The Trolley Festival proved so successful it was repeated every year until 1987. In that year, preparation began for the introduction of a permanent F line. After that year’s festival finished, Muni replaced the old Market Street tracks with new ones, restoring tracks to upper Market Street and recreating a line to Castro. Different types of vintage streetcars were evaluated to provide the backbone of the F-line fleet, resulting in the decision to use the PCC car, with its San Francisco transit heritage. Fourteen such cars were acquired second-hand from Philadelphia, to add to three of Muni’s own retired double-ended PCCs.

On September 1, 1995, the F line opened[3][4] replacing the faster number 8 bus with a parade of PCC cars, painted to represent some of the two dozen North American cities that this type of streetcar once served. This was a rare instance in which a streetcar replaced a bus line in operation, rather than the other way around. Ridership exceeded expectation, and the need for extra cars resulted in the acquisition of ten Peter Witt style cars just being retired in the city of Milan, Italy. These cars were built in the 1920s to a design once common in North American cities, and their sister cars are still widely used on the Milan tramway network.

Extension on the Embarcadero[edit]

F Line PCC streetcar at Pier 39

The Embarcadero is the eastern waterfront roadway of San Francisco, along San Francisco Bay. At one time busy with port and ferry related traffic, it fell into decline as freight transferred to the container terminals of Oakland and the Bay Bridge replaced the ferries. In the 1960s the elevated Embarcadero Freeway was built above, dividing the city from the bay, but was condemned and demolished after the 1989 Loma Prieta earthquake. Proposals for streetcar service along The Embarcadero were put forward as early as 1974,[5] and historic streetcar service along The Embarcadero was first provided during the 1987 Trolley Festival, using existing Belt Railroad tracks on The Embarcadero and towed diesel generators to provide power.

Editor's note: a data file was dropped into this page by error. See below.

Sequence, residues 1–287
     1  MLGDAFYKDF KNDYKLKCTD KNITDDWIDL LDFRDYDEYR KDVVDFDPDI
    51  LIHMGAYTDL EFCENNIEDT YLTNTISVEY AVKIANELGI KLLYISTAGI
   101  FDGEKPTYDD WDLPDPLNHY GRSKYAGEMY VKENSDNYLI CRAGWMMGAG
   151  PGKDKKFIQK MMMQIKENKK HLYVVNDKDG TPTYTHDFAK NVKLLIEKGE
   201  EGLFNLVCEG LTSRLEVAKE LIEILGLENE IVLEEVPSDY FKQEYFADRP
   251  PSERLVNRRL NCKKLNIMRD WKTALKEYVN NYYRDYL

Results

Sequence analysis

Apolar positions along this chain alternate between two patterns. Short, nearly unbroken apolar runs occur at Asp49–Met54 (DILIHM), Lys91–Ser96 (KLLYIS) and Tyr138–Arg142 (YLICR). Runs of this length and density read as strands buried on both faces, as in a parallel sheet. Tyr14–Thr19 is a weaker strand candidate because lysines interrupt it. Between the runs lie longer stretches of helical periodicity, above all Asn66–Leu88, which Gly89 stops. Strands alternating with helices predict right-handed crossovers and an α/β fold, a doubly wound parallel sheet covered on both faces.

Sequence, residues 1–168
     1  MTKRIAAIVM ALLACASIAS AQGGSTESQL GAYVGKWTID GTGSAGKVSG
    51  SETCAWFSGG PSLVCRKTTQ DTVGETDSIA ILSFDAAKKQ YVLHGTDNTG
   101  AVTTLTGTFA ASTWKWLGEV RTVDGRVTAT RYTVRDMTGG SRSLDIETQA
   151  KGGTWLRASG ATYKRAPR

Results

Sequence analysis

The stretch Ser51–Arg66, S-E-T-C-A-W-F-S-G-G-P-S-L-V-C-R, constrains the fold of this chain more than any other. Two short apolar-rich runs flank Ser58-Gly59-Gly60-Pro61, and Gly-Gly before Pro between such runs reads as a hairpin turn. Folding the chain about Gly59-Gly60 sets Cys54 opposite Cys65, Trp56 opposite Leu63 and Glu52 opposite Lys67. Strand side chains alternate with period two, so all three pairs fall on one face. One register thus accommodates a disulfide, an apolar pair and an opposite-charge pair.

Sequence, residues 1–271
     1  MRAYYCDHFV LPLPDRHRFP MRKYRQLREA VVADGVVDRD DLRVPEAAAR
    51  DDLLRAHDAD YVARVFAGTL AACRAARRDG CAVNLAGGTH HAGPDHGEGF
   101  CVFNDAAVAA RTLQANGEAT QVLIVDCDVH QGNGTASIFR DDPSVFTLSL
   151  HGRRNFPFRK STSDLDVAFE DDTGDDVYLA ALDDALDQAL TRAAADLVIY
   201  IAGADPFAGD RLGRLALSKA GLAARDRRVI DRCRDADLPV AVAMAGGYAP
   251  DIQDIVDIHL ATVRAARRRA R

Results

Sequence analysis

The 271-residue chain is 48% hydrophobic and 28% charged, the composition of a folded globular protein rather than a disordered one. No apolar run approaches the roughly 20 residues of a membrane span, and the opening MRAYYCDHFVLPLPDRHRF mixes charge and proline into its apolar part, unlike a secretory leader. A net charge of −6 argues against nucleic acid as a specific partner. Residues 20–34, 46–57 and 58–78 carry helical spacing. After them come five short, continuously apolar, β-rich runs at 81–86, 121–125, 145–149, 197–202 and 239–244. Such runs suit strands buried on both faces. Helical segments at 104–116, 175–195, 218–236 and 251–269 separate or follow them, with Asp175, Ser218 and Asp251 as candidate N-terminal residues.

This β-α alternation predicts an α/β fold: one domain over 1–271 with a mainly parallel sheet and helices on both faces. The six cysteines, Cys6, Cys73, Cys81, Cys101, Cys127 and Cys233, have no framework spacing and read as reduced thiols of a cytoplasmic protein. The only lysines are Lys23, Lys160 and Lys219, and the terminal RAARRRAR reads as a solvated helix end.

With increasing development of the waterfront for leisure and tourist activities, and the existence of Fisherman's Wharf and Pier 39 at its northern end, it was decided to rebuild the Embarcadero as a tree-lined boulevard complete with a streetcar reservation. The section north of Market Street was to be served by an extension of the F line. Tracks were extended on the northern end of Market to connect with the Embarcadero tracks. In March 2000, service on the F line began along the new extension to Fisherman's Wharf.[6]

A month later, Muni dedicated a car to Herb Caen, the noted columnist for the San Francisco Chronicle perhaps most famous for coining the phrase Baghdad by the Bay to describe The City. The car contains wood paneling and is decorated with many quotes from Caen.


The trolleys operate continuously, reversing direction via loops at the ends of the line. Although the cars are able to utilize the tunnels, the F-line operates on the street level. Along Market Street, trolleys stop at street level above nearby BART and Muni Metro stations located below street level. The stations and stops are as follows (connections to other routes are noted):

Except for the height of certain platforms (mostly on the T Third Street line), F Market & Wharves line cars are fully compatible with the rest of the Muni Metro system. Indeed, the cars can be privately chartered and are operated all over the system.

Car fleet[edit]

Muni owns a large selection of equipment for use on the F line, although not all of them are in service at the same time. The car fleet includes four sub-fleets of PCC streetcars. These are Peter Witt streetcars, pre-PCC veteran streetcars from San Francisco, and a diverse collection of 10 streetcars and trams from various overseas operators.[7]

The line is principally operated by a mixture of the PCC and Peter Witt cars, although other more unusual or historic cars are often in service (including the 913 and 952, iconic streetcars named Desire). Although the modern Muni LRVs are not compatible with F-line service, Boeing LRVs have operated down parts of Market Street one or more times.[8]

PCC car 1063 turning into the foot of Market Street. Built in 1948 for service in Philadelphia, it was acquired by Muni in 1995 and is painted in a livery once carried by Baltimore's PCC cars.
Two PCC cars at the Jones and Beach terminus. The car in the foreground is one of San Francisco's original double-ended cars.

PCC fleet[edit]

A fleet of PCC streetcars from San Francisco, Philadelphia, and Newark, built between 1946 and 1948, operate on the line. As of August 2007, MUNI was operating 27 of these cars, restored to various states of service. Among the restored cars in service, three are original San Francisco double-ended PCC cars. Another 16 cars are single-ended cars acquired from SEPTA in Philadelphia in 1992 (which continues to operate another 18 cars today, retrofitted for ADA compliance), while the remaining 11 cars are single-ended cars acquired from New Jersey Transit in Newark in 2002.[9]

MUNI has another 30 unrestored PCC cars in long-term storage.[9] The unrestored cars include five additional San Francisco double-ended cars, 10 San Francisco single-ended cars, 12 single-ended cars acquired from St. Louis in 1957, two single-ended cars from Philadelphia, and two single-ended cars from Pittsburgh. A further previously restored car from Philadelphia was written off after a traffic accident in 2003.[10]